OK, you read a poem written by Sia Berhan on WBAI, could you talk about that incident? And also, do you have any regrets for having done that?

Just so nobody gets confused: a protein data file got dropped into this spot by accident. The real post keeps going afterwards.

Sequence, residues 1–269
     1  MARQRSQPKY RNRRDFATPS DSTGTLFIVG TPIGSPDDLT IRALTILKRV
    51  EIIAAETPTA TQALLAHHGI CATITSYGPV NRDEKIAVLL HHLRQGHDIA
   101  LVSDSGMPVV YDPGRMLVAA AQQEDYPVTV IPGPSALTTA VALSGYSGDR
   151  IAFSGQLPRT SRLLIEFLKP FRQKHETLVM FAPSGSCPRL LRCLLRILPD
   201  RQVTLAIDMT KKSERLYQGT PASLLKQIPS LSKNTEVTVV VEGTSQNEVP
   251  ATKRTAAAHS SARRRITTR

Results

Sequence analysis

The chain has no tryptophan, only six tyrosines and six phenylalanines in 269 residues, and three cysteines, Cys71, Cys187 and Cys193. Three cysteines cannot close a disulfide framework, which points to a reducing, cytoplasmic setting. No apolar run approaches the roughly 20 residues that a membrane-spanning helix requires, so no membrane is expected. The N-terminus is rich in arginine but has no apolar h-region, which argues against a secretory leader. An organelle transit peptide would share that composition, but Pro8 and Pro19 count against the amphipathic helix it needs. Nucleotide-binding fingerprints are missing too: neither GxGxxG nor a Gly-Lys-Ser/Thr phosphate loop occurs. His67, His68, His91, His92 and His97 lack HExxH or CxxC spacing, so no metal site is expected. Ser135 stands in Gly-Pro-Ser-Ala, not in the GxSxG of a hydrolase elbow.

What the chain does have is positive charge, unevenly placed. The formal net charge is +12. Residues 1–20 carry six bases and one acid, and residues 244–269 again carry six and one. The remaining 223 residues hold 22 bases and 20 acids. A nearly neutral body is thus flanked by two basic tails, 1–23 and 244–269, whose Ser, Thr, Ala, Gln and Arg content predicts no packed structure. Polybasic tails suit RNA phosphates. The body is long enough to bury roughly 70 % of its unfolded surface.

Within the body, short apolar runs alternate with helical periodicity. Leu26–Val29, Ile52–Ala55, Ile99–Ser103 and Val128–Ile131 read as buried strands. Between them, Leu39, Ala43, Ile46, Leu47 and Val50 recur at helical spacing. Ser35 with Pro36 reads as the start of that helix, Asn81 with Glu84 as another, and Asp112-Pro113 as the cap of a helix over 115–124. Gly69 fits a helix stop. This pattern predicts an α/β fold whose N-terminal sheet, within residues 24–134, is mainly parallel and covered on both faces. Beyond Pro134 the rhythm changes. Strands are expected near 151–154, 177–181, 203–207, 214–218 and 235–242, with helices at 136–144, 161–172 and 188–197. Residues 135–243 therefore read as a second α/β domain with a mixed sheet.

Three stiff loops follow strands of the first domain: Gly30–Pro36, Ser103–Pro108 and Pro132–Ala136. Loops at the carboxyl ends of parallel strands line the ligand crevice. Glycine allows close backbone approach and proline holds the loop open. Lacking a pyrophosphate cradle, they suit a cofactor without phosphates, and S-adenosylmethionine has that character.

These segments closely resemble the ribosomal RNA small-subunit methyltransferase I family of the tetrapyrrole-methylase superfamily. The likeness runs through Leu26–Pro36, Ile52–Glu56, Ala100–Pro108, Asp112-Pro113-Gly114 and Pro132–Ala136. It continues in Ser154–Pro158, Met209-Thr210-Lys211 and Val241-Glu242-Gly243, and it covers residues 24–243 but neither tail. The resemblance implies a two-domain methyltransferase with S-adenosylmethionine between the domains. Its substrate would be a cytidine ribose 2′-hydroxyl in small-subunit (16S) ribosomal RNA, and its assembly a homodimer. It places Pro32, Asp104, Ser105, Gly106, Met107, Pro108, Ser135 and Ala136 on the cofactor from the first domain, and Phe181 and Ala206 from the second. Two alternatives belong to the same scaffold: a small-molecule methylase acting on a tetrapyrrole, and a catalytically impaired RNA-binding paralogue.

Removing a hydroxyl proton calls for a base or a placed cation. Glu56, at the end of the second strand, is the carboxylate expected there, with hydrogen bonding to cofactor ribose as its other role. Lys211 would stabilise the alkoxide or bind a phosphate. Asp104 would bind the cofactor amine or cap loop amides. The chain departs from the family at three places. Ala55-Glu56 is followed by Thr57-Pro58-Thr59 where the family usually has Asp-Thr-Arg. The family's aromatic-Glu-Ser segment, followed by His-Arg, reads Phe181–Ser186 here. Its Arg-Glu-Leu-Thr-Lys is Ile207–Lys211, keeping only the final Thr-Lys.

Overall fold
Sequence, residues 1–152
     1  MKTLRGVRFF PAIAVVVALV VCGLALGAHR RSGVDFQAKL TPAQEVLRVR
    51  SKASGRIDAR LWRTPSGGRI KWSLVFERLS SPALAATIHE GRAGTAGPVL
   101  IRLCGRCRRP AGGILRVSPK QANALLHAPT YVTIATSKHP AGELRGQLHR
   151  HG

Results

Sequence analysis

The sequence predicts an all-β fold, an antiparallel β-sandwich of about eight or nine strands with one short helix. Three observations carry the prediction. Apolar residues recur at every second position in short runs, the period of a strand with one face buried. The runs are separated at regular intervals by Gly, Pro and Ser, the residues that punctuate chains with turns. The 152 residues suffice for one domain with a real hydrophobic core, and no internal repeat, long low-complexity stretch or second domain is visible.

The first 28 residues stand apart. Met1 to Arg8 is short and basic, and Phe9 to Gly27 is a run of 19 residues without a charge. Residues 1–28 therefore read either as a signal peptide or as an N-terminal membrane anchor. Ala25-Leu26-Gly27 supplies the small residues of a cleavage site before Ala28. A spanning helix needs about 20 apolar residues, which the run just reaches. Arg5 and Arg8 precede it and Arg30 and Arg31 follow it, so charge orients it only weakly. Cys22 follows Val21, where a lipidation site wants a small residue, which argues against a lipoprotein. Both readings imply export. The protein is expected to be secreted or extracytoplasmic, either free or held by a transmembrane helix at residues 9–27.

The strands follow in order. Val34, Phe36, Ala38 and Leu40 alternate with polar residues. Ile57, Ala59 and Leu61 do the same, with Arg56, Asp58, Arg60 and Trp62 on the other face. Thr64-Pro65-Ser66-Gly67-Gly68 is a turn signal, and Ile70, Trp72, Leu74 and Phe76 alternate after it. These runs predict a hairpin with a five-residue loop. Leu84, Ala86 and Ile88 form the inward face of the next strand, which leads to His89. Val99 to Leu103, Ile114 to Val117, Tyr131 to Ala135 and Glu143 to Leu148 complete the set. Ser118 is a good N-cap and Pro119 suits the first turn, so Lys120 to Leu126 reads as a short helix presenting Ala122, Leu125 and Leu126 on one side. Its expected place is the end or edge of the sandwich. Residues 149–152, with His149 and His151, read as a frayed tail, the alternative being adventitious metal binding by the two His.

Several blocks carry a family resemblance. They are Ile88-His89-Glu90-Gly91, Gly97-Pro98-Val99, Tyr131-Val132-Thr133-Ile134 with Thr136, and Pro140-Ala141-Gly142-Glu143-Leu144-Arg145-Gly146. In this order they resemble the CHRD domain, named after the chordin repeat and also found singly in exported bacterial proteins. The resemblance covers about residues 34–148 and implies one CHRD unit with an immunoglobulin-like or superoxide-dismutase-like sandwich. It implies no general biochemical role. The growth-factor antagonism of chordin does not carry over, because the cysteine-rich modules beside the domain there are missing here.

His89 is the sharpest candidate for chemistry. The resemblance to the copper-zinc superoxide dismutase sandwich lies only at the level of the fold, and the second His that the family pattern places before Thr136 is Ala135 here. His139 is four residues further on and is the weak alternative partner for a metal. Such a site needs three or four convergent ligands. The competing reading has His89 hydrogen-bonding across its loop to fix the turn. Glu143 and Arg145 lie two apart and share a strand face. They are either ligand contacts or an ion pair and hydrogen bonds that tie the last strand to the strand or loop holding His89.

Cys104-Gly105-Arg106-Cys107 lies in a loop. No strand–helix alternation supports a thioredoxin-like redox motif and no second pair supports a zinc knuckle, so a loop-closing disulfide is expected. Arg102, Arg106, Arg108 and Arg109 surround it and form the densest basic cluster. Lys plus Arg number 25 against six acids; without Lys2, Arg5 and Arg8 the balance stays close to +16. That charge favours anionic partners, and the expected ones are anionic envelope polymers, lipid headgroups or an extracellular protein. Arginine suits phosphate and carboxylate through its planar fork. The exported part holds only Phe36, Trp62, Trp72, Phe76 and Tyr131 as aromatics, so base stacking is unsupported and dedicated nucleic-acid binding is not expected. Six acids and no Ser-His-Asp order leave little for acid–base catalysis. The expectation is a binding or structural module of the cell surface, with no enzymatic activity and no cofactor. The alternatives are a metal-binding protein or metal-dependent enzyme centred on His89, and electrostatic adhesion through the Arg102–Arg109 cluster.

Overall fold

Well, Julius Lester, who was the, ah, major factor at BAI during that time, he's now a professor at the University of Massachusetts, asked me to come on his show. He had came out, he had taped a class of mine on Black history, had played it on the air, he had gotten a very favorable response from his listeners, so he asked me to come on the show and talk about Ocean Hill. When I got to the studio I showed him some poems from some students, and I asked him did he think I should read these poems. I said, "These poems were raw responses of young Black students to what was going on in Ocean Hill-Brownsville." And I asked him if he thought I should read any of them. He selected this one, he said, "This one sounds really like dynamite." He said, "Why don't you read this one on the show?" I said, "Don't you, do you, do you feel that we'll get a reaction?" He said, "Well, hey, look, this is a controversial show, you know, we're going to read this poem." So we read the poem, we read, ah, her poem, which was called "Hey, Jew-Boy", and we read that on WBAI radio at the time. Um, we got some response from the BAI audience that night--